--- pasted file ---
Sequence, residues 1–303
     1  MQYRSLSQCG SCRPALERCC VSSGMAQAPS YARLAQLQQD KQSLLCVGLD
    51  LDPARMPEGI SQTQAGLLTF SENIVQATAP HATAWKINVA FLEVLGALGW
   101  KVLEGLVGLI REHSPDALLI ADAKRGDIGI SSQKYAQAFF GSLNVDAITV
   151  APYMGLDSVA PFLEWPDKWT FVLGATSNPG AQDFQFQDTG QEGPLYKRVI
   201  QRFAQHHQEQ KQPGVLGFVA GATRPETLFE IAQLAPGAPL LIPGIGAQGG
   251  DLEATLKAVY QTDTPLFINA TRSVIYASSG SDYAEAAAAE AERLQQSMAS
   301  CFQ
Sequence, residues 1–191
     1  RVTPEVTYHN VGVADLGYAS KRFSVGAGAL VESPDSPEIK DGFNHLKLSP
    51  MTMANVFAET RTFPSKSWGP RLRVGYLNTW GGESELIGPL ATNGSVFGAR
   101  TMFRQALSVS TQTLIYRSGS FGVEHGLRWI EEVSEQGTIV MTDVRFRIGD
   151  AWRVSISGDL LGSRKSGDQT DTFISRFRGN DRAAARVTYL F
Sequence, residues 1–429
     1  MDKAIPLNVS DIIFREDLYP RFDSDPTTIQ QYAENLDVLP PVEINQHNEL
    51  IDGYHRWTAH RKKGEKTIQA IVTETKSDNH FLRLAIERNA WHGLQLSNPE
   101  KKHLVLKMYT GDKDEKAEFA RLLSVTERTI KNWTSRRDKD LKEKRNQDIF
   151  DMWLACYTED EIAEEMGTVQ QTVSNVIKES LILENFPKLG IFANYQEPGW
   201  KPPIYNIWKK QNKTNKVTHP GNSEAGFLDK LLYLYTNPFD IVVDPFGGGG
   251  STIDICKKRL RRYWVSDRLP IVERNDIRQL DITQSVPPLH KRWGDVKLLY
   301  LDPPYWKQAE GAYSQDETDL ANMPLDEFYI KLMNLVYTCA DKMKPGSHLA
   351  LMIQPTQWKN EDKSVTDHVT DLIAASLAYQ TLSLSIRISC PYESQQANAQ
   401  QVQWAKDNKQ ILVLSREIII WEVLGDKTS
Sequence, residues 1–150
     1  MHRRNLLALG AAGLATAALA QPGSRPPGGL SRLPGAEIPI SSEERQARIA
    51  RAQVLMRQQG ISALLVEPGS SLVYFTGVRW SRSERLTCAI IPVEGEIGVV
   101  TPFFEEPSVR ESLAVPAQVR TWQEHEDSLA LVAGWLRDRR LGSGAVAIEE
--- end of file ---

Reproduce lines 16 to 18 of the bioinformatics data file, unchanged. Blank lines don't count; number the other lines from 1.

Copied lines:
    51  IDGYHRWTAH RKKGEKTIQA IVTETKSDNH FLRLAIERNA WHGLQLSNPE
   101  KKHLVLKMYT GDKDEKAEFA RLLSVTERTI KNWTSRRDKD LKEKRNQDIF
   151  DMWLACYTED EIAEEMGTVQ QTVSNVIKES LILENFPKLG IFANYQEPGW